Once a diagnosis is made, it’s time to proceed with treatment. If the reason for your pain is determined to be food-related, adjusting eating habits should be more than enough to alleviate the pain. It’s also important to check if you have allergies to foods or medications and/or if there are any adverse interactions involving the drugs and supplements you consume. For a hernia diagnosis, surgery is almost always the best solution. If the pain is caused by a severe condition such as Crohn's disease or cancer, the road to recovery is a bit more complicated.

If you feel pain around your belly button, especially if it persists, you should take action immediately by visiting your doctor because such pain might indicate a potentially life-threatening condition. But usually, the pain is caused by something common and relatively benign and, with a combination of treatments and lifestyle adjustments, you can free yourself from belly pain.

Towards the end of the article, you’ll find a detailed discussion on how belly button pain can be treated.

Belly Button Pain in Children

Pain in the abdominal area, including the belly button, cannot be accurately explained by simply looking at the affected area. A complete physical examination, plus other testing procedures would be able to give doctors a better diagnosis.

Pain can be intermittent or recurrent, as in the case of functional abdominal pain, also referred to as recurrent abdominal pain (RAP). Its exact cause is still to be determined, but the chemicals secreted by the brain or gut have been discovered to make the gut more sensitive to triggers, that normally do not have much impact. These changes in bowel function are known as functional abdominal pain, the most common complaints among children.

It encompasses different types of chronic pain, like recurrent abdominal pain, irritable bowel syndrome, and functional dyspepsia.

The pain is normally felt around the belly button, but there is usually no pattern. Pain may be felt suddenly or gradually increasing. It can be constant or increase/decrease, depending on the severity of the condition.

In some children, functional abdominal pain is accompanied by dyspepsia. For those who have upper abdominal pain, they also experience vomiting, nausea, and a feeling of fullness after only a few bites. Still some may experience bowel movements.

Causes vary from patient to patient. Young children will usually point to their belly button when asked. However, pain around the belly button area could be caused by several factors, and should be considered when evaluating a patient complaining of chronic abdominal pain. Possible causes include lactose intolerance, acid reflux, constipation, stomach infections caused by Helicobacter pylori, inflammatory bowel diseases, food allergies, gall bladder issues, inflamed pancreas, hepatitis, appendicitis, and parasitic infections of the small and large intestines.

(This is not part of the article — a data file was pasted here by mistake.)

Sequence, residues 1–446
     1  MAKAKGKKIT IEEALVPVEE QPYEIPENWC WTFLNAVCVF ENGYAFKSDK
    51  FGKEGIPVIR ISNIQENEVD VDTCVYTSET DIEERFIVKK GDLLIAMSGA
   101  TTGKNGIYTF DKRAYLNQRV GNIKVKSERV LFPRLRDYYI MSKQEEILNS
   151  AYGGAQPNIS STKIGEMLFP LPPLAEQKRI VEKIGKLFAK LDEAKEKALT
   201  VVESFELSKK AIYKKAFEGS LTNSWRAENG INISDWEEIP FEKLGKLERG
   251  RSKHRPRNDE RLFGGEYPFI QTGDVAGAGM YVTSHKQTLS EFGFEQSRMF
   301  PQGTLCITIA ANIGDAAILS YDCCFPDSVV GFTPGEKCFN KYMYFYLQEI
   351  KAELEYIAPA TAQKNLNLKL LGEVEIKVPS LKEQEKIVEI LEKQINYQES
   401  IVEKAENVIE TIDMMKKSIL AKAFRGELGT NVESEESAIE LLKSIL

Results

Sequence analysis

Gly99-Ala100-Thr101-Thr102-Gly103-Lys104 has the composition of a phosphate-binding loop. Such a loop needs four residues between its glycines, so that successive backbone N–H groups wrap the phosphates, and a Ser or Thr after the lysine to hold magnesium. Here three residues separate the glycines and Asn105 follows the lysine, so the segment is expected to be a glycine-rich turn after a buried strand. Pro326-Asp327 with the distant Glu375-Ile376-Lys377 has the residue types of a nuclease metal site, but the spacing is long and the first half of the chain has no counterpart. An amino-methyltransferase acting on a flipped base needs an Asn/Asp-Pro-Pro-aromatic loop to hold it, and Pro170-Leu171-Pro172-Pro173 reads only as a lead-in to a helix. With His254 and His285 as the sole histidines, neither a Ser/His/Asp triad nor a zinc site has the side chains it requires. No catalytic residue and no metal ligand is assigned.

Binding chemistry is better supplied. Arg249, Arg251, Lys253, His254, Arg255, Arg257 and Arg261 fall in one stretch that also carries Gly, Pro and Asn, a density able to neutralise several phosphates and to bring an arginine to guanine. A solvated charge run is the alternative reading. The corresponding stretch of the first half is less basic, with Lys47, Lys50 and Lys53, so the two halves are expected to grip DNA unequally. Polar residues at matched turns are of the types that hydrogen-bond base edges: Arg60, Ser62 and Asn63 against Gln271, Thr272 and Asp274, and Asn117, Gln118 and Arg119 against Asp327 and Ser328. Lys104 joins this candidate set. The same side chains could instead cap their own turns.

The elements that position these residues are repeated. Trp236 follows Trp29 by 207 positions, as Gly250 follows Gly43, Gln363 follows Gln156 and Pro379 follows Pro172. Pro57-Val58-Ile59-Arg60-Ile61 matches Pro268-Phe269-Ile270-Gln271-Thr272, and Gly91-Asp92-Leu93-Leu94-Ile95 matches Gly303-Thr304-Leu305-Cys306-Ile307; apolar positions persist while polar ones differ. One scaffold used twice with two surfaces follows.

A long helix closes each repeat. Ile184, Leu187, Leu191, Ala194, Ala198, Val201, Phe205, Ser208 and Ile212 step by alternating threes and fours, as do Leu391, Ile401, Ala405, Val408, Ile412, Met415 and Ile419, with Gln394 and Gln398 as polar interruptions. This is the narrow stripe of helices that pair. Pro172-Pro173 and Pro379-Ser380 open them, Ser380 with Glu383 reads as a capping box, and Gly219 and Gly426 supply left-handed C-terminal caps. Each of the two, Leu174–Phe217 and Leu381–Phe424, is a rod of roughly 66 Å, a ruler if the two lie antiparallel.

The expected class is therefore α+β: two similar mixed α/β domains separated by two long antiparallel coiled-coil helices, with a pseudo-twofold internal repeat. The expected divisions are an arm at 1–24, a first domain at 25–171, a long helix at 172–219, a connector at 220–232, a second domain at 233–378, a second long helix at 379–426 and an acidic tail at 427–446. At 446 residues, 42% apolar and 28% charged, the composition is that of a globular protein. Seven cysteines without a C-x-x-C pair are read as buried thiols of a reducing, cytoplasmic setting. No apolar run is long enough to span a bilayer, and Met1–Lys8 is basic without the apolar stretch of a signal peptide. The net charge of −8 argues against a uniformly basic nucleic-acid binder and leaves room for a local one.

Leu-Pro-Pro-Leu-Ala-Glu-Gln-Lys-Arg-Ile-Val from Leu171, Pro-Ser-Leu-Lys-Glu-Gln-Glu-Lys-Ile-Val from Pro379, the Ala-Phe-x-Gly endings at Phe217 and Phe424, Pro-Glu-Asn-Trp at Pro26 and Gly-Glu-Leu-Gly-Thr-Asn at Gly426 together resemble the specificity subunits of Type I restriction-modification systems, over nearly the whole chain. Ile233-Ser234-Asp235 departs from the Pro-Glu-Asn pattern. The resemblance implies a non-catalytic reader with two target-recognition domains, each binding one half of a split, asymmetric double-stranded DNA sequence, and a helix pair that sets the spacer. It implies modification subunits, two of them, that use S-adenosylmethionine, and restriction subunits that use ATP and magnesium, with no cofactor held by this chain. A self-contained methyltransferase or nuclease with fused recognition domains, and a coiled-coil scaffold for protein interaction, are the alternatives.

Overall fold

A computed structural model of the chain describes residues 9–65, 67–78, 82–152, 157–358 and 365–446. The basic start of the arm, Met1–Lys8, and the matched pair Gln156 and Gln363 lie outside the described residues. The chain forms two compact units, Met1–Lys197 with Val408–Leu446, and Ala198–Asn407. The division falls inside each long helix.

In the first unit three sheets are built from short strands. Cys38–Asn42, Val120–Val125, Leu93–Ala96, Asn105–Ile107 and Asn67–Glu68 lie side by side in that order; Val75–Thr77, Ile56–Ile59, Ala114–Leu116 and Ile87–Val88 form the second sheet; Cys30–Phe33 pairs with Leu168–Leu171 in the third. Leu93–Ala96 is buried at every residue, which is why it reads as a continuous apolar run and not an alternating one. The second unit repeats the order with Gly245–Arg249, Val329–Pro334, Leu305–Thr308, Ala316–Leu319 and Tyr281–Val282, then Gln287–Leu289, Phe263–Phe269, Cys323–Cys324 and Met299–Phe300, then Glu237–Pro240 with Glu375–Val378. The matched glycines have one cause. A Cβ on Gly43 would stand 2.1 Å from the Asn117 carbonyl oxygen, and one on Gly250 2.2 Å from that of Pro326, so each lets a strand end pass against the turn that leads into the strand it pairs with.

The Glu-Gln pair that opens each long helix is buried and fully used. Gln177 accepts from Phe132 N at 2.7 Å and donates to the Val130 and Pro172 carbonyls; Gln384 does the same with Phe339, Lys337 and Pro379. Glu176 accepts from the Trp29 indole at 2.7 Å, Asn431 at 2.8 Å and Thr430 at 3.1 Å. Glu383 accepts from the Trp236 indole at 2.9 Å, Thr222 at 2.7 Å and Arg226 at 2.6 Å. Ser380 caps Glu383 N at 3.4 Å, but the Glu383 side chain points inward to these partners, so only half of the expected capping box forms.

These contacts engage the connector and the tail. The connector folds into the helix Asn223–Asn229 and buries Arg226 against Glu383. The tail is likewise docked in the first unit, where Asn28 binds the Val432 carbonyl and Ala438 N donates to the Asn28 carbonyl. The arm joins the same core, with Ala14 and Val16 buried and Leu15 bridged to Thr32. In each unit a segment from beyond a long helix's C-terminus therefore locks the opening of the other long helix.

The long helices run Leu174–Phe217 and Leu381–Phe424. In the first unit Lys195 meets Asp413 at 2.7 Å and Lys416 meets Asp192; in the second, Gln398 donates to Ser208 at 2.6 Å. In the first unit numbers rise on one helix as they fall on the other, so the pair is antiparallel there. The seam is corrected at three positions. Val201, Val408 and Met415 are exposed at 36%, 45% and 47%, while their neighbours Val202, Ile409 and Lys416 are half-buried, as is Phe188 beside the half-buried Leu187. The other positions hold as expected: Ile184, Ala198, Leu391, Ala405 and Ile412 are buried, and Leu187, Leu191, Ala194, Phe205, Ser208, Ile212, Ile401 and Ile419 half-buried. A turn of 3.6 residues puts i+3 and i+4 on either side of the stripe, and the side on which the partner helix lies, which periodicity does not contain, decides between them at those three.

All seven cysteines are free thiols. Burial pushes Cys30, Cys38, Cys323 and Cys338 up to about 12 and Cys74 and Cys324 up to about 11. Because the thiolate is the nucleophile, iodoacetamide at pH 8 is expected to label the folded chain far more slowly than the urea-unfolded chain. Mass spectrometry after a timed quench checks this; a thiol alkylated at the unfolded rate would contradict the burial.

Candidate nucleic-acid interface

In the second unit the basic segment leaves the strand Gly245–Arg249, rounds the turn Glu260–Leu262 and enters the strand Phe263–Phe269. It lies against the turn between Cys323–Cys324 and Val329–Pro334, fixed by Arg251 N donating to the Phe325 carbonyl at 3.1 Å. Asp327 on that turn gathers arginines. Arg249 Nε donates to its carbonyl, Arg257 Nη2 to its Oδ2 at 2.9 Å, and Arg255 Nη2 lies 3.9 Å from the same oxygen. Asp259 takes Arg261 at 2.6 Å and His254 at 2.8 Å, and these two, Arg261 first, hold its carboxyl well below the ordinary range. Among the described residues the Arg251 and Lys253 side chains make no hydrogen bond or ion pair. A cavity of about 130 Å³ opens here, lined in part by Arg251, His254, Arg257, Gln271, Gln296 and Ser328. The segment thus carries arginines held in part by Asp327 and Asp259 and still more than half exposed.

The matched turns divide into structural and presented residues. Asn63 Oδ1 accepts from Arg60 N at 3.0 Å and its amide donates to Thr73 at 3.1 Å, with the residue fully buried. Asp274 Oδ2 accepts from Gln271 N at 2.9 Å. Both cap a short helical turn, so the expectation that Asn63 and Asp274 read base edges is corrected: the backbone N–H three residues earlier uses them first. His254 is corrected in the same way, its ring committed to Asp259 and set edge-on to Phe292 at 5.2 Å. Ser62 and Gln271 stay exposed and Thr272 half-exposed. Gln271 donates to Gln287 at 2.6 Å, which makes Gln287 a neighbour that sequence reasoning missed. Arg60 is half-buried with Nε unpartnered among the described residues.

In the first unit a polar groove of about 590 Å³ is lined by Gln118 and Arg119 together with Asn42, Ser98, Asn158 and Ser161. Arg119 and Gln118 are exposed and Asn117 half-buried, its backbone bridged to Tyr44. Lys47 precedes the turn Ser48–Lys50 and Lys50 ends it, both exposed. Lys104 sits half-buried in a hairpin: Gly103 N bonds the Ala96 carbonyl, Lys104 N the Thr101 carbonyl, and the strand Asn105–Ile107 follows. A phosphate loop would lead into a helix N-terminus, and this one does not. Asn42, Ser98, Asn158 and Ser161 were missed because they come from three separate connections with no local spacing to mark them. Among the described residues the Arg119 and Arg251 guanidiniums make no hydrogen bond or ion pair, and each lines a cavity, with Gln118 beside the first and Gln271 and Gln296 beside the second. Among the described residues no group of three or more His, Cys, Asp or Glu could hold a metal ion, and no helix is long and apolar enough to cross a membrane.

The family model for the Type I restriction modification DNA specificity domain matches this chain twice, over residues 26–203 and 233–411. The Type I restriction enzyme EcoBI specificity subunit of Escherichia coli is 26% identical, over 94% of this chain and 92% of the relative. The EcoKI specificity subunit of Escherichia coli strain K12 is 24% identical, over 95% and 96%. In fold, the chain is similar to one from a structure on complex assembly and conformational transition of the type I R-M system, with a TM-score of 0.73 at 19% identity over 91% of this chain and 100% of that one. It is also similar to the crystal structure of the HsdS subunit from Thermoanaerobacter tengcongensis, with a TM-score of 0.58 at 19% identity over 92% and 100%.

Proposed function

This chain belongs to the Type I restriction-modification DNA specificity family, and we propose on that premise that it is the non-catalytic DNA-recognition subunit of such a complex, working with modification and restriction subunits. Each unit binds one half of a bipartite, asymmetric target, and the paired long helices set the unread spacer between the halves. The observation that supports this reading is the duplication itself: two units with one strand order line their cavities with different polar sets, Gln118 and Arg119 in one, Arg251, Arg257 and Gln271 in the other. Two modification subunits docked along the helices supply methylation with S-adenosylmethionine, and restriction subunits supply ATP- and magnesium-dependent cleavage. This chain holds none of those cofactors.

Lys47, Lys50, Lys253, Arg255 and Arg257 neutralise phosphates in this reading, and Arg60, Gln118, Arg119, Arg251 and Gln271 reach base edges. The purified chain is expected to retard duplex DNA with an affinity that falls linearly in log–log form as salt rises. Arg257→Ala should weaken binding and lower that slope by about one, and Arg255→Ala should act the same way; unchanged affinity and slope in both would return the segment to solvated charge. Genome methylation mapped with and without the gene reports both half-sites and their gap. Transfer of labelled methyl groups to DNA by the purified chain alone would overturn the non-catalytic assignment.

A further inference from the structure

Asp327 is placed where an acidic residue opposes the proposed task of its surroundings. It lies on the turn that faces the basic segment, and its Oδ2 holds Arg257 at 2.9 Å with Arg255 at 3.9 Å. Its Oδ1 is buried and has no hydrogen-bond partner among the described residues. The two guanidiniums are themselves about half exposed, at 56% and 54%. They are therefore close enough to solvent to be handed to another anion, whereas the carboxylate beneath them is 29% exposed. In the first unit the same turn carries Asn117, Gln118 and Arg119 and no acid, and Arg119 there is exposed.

Please take note that typically, these severe medication conditions do trigger abdominal pain in most children with recurrent bellyaches, the pain is referred to as "functional".

Risk Factors
There are cases where children that have been previously diagnosed to suffer from depression, anxiety, and other psychiatric conditions exhibit exaggerated response to pain. It is also possible that the children's parents are not consciously aware of the emotional disturbances their child could be suffering from.

Other risk factors to be considered are emotionally traumatic experiences or physical abuse.

However, it is important for parents to understand that functional abdominal pain does not pose a threat to a patient's life. But, there are possible negative effects on a patient's psychological and physical state. The pain may hinder the patient from participating in any sports activities or extra-curricular activities in school. Their sleep and appetite may also be affected. These limitations are likely to have an impact on the patient's emotions, which can lead to anxiety and depression.

To arrive at an accurate diagnosis, doctors need to get hold of detailed information on the exact location of the pain, episode frequency, and duration. In addition, other physical complaints may also be considered.

Doctors will also be in the lookout for "red flags", like sudden loss of appetite, extreme weight loss, unusual rashes, mouth ulcers, fever, presence of blood in vomit or stool, and suddenly waking up in the middle of the night due to abdominal pain and diarrhea.

The diagnosis will be based on the symptoms, physical examination, and other screening tests.

If your child's doctor finds a specific cause for your child's pain, he will discuss with you some management solutions to relieve the symptoms for conditions that include celiac disease, infections, constipation, food allergies, and lactose intolerance. However, if the doctor fails to find the specific cause and functional abdominal pain is confirmed, your child's doctor will give reassurance that the pain is real. Managing functional abdominal pain means providing satisfactory quality of life for the child, through proper education, ample support, medications, and better coping skills.